• Amazon.co.uk customer review • 2013-03-01

    5.0 out of 5 stars Superb. A good history and 47 fabulous colour profile.

    16 Feb 2013 By Ralph Cook.

    When this modest little book came through the post I thought 'mmm, is that it, then?', but when I looked through it I was more than impressed. The Polish authors and publishers have done an excellent job. There are 69 photographs and 23 good line drawings: the latter are accurate though rather faintly drawn. There are no fewer than 47 colour profiles and these are quite simply the best I have seen in any book. The text gives a history and full technical details covering all variations of the A5M series, which was a ground breaking design at the time. In addition there's a very interesting account of the war in China that was on- going between 1937 and 1939. All of these things are somehow presented in an unassuming volume of just 79 pages!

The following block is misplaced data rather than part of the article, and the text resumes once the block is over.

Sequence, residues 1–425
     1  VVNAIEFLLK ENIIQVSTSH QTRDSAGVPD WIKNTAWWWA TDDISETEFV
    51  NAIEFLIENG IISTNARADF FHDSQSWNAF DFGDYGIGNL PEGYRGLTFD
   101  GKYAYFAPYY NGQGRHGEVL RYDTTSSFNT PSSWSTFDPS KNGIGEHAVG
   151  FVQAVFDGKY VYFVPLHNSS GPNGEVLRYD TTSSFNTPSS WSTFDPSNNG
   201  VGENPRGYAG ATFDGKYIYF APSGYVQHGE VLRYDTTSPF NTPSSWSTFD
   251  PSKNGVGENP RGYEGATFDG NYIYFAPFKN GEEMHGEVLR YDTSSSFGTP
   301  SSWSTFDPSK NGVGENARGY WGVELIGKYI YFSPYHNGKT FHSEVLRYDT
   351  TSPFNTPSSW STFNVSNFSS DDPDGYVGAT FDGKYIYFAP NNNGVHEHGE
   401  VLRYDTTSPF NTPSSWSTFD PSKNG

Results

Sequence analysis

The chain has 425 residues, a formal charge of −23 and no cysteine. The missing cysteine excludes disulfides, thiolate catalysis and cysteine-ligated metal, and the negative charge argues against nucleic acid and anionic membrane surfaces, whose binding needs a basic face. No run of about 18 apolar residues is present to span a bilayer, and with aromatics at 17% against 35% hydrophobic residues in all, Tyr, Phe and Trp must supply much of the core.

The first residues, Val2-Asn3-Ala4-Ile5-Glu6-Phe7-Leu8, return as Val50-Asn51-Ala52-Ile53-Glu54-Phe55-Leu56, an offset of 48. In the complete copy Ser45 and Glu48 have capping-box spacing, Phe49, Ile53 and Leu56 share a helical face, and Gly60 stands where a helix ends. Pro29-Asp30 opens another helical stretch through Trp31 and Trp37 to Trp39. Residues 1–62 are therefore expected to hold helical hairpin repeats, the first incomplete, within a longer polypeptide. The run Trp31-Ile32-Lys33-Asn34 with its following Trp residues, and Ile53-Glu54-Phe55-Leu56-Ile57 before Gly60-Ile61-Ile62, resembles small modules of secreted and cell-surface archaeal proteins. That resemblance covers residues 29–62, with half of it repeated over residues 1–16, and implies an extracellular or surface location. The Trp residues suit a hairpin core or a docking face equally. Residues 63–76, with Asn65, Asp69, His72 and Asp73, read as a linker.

The only real compromise concerns the small size of many of the photographs, but in the 1930's the Japanese were not yet the masters of photography they were later to become; as a result the poor quality of many exposures would not allow for satisfactory enlargement anyway. The colour profiles are presented 'sideways', two to a page on a good scale and a number of 'plan' views are included. Just about every livery these aircraft were to be seen in is covered and the pilots who flew the aircraft illustrated are often named. I am not a modeller, but I really appreciated this effort. Good quality glossy paper is used for this book and that serves to enhance the quality of these profiles.

    As an unexpected 'bonus' I learned a lot about the air war over China- something I knew very little about. My only criticism here is that the authors tend to accept Japanese victory claims as factual whereas in reality they were always notoriously over- optimistic. At one point it is admitted that the Chinese only acknowledged about a third of these and from what we know of the Momonhan Incident and World War Two that is probably about right: If it were otherwise the Chinese would have run out of aeroplanes very rapidly.

    Unfortunately this little book is now rare and I had difficulty acquiring my copy- but it was well worth waiting for.